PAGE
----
I had never owned a house in Houston that required flood insurance.  But I always did flood research before buying each house.  And, then I bought a flood policy anyway.  It really is "cheap" piece of mind.   In Houston, just about everyone needs a flood policy, IMO.

 

Yep. I pay what works out to less than $40/month for a flood policy, and our house has never come close to flooding, even during Allison, Ike, and now Harvey. Even if your house has never flooded from storms, you aren't immune from a water main break. 

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1 minute ago, mkultra25 said:

 

Yep. I pay what works out to less than $40/month for a flood policy, and our house has never come close to flooding, even during Allison, Ike, and now Harvey. Even if your house has never flooded from storms, you aren't immune from a water main break. 

Here's the definition of flood from FEMA:

 

Flood.

  • A general and temporary condition of partial or complete inundation of 2 or more acres of normally dry land area or of 2 or more properties (at least 1 of which is the policyholder's property) from:
    --Overflow of inland or tidal waters; or
    --Unusual and rapid accumulation or runoff of surface waters from any source; or
    --Mudflow;or
  • Collapse or subsidence of land along the shore of a lake or similar body of water as a result of erosion or undermining caused by waves or currents of water exceeding anticipated cyclical levels that result in a flood as defined above.
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:(
 

"Jeff Lindner, meteorologist for the Harris County Flood Control District, which covers the city of Houston, said Friday that Harvey flooded an estimated 136,000 structures in Harris County, or 10 percent of all structures in the county database. He called it a conservative estimate. . .  Seventy percent of Harris County’s land mass, or about 1,300 square miles, was submerged by at least 1½ feet of water, Lindner said."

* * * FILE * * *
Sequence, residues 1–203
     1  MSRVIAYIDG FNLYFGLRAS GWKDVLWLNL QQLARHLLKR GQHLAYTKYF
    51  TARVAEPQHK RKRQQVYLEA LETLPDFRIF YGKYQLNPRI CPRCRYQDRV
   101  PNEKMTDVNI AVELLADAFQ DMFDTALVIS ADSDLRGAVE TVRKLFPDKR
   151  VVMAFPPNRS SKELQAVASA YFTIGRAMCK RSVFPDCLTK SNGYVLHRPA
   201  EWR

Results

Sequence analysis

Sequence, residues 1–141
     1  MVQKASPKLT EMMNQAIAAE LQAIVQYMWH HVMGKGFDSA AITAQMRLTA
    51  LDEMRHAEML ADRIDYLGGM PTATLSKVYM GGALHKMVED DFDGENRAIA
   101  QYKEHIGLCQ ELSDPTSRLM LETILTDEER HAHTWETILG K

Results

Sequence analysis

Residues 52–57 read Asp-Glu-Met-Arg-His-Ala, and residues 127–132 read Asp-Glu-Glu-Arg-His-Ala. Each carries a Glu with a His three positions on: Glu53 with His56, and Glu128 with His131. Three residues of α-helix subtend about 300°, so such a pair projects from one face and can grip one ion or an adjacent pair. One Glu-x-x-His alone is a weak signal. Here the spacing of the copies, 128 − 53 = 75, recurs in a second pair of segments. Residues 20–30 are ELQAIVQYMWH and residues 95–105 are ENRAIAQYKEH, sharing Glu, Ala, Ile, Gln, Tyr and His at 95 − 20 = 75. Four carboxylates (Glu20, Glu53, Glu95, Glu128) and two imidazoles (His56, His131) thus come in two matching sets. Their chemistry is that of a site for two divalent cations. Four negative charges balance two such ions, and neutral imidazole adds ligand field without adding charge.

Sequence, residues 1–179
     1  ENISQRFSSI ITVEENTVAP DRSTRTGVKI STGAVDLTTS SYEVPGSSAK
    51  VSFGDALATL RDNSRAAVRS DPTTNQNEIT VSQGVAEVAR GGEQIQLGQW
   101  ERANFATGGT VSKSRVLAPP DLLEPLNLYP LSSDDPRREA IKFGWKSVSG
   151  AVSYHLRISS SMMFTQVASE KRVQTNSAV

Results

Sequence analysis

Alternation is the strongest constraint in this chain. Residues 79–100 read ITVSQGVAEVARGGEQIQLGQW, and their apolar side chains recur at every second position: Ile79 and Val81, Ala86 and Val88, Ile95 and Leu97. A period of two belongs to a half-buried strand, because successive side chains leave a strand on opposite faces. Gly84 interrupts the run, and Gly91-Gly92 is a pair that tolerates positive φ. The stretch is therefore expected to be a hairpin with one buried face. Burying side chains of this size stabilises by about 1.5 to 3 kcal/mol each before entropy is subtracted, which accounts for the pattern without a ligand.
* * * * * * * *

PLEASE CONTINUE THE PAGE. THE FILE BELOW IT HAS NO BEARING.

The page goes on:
--David Tarrant today in the Dallas Morning News

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7 hours ago, strickn said:
:(
 

"Jeff Lindner, meteorologist for the Harris County Flood Control District, which covers the city of Houston, said Friday that Harvey flooded an estimated 136,000 structures in Harris County, or 10 percent of all structures in the county database. He called it a conservative estimate. . .  Seventy percent of Harris County’s land mass, or about 1,300 square miles, was submerged by at least 1½ feet of water, Lindner said."

 

--David Tarrant today in the Dallas Morning News

I believe that the number of flooded structures in Harris county will be higher than this.  And that is just Harris county......  

 

oh, and Jeff Lindner rocks.  New local superstar.  His press briefings were terrific.  Facts, plain facts, plainly spoken.  Terrific!

Edited by UtterlyUrban
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16 hours ago, strickn said:
:(
 

"Jeff Lindner, meteorologist for the Harris County Flood Control District, which covers the city of Houston, said Friday that Harvey flooded an estimated 136,000 structures in Harris County, or 10 percent of all structures in the county database. He called it a conservative estimate. . .  Seventy percent of Harris County’s land mass, or about 1,300 square miles, was submerged by at least 1½ feet of water, Lindner said."

 

--David Tarrant today in the Dallas Morning News

 

It is hard to believe that 70% of the county was under 1 1/2 feet of water, especially when everything else I've read has said 25-30% of the county was under water. If 70% were under water, then way more than 10% of structures would have flooded. Think they got the figure turned around. 

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9 hours ago, strickn said:

Not so much taking the torch as stepping into the void left behind by our last one;  how soon we forget them!

 

Neil Frank might say "I'm not dead yet!" (although he has gotten on in years, and I believe he is 85 now). KHOU has been known to bring him back when there is a major storm headed our way, and in fact, he was on briefly as Harvey loomed:

 

Dr. Neil Frank discusses Hurricane Harvey ' 10 p.m.